Why I Left Instagram

A huge thank you to Francesca and Alisa for sending me this post after I managed to corrupt my entire database and the backup didn’t have my latest one saved!

I’m feeling so disillusioned with Instagram and social media in general at the moment. I’ve had an Instagram account since 2014, but I have never really used it a huge amount. I closed it off today for the following reasons:

1. Instagram is now owned by Facebook

Posts don’t appear in chronological order any longer. Facebook uses their “magical algorithm” to sort pictures in order of what you (supposedly) find important/interesting. This is probably the same algorithm they use on Facebook that meant I missed two pregnancy announcements and a mum I know going into hospital for breast surgery. Yeah, nice one, thanks Facebook! I have no control over whether they even show pictures to me from the friends I follow. This seems crazy to me.

2. Instagram is the worst place for comparison

If there is something that you like to do, there is someone out there doing it much better than you on Instagram. Whether it’s drawing, photography or fitness, instagram has hundreds of people creating stunning photos in your subject area that will make you feel like what you are doing is not worth it because it cannot compare. I don’t think this is healthy for creativity. Following experts can definitely be inspirational and motivating, but on instagram there are so many people to follow that it can begin to feel like there’s no point in even starting. Sometimes you need to just create, rather than consume. Sometimes you need to find your place in the world before you start checking out what everyone else is doing.

3. And again, there’s always comparison

Facebook is also guilty of this (and Facebook is something I plan to extricate myself from), but it can be quite demoralising when you’re having a shitty day and all you see from your friends are amazing holiday pictures, wonderful family meet-ups, and perfect family walks. Inevitably you are seeing other people’s highlight reel and comparing that to your ordinary day at home/work. Not fun. I love to see what my friends are up to, don’t get me wrong, but sometimes it can seem that everyone is out doing something exciting apart from me, and as a mum of three I have enough guilt in my life without piling more on because I didn’t get my kids out in the rain or do an afternoon of inventive and original art and crafts.

4. You can’t keep Instagram and Facebook separate

This ties in with number one, but it is now impossible to have an Instagram account without all your facebook friends knowing about it. Maybe you want to document your weight loss journey and connect with like-minded people. Maybe you are gay and want to connect with others who haven’t come out yet. Well forget about using Instagram to build a separate virtual support network because Facebook sends everyone you know a notification that you are on Instagram as your-username. Even if you do not link to Facebook, it still knows. The apps seem to share data on your phone, so just having both installed gives you away. It’s creepy, but if you google it you will find the desperate measures people have gone to to have a secret account, to the point of having a separate phone and sim so they are not connected. Instagram and Facebook may as well be the same platform if they are going to operate this way.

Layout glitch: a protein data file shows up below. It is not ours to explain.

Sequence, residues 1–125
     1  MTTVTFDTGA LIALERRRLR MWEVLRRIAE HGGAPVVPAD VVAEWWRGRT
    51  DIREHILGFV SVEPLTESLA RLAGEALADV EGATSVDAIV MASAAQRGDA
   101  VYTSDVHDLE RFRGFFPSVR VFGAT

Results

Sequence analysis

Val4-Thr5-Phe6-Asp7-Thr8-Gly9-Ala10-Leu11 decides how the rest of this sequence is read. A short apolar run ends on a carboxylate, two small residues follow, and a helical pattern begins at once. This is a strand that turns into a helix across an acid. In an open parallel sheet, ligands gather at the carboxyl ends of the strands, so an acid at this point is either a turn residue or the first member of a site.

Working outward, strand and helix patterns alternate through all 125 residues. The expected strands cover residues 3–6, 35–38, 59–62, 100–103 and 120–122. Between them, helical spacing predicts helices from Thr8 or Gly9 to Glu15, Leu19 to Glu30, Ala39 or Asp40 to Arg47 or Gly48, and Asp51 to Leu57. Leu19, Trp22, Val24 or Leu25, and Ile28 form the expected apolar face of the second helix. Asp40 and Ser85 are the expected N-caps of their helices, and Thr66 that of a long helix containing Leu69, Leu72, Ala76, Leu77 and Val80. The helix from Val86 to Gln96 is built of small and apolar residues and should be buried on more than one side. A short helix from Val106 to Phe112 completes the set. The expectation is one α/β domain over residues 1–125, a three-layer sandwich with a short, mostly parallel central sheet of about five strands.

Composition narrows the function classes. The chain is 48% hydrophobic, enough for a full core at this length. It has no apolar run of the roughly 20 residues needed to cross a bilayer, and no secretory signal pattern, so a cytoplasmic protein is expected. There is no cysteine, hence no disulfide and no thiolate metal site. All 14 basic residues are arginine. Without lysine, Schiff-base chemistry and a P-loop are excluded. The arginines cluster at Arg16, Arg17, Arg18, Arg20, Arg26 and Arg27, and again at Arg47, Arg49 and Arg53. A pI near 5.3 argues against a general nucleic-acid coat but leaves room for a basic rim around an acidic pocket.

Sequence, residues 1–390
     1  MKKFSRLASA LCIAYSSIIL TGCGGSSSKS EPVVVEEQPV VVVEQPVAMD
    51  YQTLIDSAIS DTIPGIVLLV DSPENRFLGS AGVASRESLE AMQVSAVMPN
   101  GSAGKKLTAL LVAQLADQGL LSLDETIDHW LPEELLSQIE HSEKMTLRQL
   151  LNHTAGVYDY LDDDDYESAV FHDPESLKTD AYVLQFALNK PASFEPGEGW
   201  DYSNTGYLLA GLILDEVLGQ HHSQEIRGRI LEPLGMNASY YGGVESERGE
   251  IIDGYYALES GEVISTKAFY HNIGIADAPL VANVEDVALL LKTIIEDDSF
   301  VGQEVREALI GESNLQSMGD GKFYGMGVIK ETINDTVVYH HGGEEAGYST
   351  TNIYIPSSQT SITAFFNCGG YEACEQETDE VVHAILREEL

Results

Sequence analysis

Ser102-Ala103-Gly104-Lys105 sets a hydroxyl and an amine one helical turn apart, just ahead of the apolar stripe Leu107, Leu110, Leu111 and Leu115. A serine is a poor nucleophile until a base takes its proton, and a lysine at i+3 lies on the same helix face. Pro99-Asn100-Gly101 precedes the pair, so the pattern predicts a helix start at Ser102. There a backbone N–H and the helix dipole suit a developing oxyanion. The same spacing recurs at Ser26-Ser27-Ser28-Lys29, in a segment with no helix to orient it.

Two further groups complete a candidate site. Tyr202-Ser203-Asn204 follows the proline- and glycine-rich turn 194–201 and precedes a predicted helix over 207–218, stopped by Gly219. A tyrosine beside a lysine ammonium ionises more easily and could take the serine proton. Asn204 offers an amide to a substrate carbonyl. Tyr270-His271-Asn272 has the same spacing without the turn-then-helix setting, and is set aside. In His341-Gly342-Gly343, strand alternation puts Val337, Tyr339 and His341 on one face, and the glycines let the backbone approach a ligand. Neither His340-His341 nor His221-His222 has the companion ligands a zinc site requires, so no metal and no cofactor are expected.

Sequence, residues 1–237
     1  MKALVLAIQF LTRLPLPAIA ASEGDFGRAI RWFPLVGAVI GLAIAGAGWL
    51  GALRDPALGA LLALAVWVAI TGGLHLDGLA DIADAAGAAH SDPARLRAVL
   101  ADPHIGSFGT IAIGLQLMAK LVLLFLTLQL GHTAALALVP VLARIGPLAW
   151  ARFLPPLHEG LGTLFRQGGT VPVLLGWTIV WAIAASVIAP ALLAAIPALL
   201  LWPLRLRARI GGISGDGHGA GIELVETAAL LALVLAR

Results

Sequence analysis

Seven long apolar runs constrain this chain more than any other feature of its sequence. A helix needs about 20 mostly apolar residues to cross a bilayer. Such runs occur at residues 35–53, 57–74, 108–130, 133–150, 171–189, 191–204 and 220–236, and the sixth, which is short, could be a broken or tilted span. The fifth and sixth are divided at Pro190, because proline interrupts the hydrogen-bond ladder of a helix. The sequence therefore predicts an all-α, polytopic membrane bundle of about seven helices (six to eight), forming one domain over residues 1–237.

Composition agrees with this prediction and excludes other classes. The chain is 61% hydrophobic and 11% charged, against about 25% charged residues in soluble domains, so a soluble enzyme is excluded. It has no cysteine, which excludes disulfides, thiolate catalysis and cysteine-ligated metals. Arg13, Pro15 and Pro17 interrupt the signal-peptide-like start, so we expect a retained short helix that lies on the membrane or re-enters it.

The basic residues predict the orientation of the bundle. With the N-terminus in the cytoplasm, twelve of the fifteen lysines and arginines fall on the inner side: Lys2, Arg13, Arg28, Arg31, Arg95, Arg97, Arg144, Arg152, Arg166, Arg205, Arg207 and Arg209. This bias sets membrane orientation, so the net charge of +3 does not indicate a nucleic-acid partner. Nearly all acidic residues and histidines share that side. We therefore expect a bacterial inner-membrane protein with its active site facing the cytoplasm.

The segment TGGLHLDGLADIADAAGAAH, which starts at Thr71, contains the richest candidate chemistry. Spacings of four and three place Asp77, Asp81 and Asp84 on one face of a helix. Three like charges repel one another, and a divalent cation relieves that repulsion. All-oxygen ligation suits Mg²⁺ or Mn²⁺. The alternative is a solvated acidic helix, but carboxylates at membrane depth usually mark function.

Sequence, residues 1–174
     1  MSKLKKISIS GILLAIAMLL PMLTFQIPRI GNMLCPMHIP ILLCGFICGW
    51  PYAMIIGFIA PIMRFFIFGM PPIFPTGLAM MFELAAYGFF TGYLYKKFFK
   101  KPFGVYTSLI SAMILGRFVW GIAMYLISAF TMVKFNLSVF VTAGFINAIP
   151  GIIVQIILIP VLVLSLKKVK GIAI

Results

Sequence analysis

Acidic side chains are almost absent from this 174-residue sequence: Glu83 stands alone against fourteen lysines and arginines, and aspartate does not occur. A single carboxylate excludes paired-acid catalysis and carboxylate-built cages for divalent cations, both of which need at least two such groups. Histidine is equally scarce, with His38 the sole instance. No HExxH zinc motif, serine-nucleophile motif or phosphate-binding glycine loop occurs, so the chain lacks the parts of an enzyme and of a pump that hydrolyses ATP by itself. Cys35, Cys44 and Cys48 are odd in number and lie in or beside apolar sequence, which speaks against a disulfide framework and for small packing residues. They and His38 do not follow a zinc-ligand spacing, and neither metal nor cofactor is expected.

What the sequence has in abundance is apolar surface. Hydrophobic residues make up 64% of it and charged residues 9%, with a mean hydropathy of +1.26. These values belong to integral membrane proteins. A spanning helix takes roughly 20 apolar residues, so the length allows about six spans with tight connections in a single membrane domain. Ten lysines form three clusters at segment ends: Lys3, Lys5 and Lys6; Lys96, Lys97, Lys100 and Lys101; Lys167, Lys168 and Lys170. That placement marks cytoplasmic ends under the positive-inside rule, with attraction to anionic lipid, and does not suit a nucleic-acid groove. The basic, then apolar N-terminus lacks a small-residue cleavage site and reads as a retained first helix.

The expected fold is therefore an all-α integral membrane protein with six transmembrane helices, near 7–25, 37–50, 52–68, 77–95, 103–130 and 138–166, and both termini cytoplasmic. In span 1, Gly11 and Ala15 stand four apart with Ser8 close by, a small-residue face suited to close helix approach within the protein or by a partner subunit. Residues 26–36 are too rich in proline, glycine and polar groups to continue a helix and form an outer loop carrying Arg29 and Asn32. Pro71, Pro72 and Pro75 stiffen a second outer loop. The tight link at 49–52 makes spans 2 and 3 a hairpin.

5. It wastes time

Recently I have found myself indulging in social media far more often than I should be. I find that I just keep scrolling and scrolling and I’m not even really sure why I’m doing it. How much time, I wonder, does it really consume in our day and in our heads? What else could we be doing with that time and that mental capacity? Paying more attention to our kids, reading a book, or maybe even writing a book!

6. I quite like photography

I have a wonderful camera and I love to take photos. With Instagram it’s easy to snap a photo with an old iPhone, crop it, apply some filters and come up with something lovely. That’s great! But for me, I’d rather be taking photos and learning more about how to make images look pretty with my camera. I think using Instagram to make nice photos is all well and good, but it makes me lazy, when I could be developing my creativity in other ways.

7. Sponsored posts

So. Many. Adverts.

Annoying!

8. Am I providing anything of value?

This is probably my biggest reason at the moment. When I think about why I post pictures to Instagram, what is the answer? By adding my pictures to Instagram am I providing anything of any value to anyone else? My relatives don’t use it, so they can’t keep up with pictures of the kids. And as time goes on I’ve been more concerned about the fact that my children are growing up in a generation where everyone’s lives have been shared online since birth. Do I want that for my kids? But if I don’t post family pictures, why am I posting? To let people know what I’m doing? To showcase my skills? It isn’t really either of these. I suppose if I’m truly honest with myself it’s because I feel I need to join in the noise of sharing things. I’m doing it because everyone else is. That’s not what I want to be doing anything for.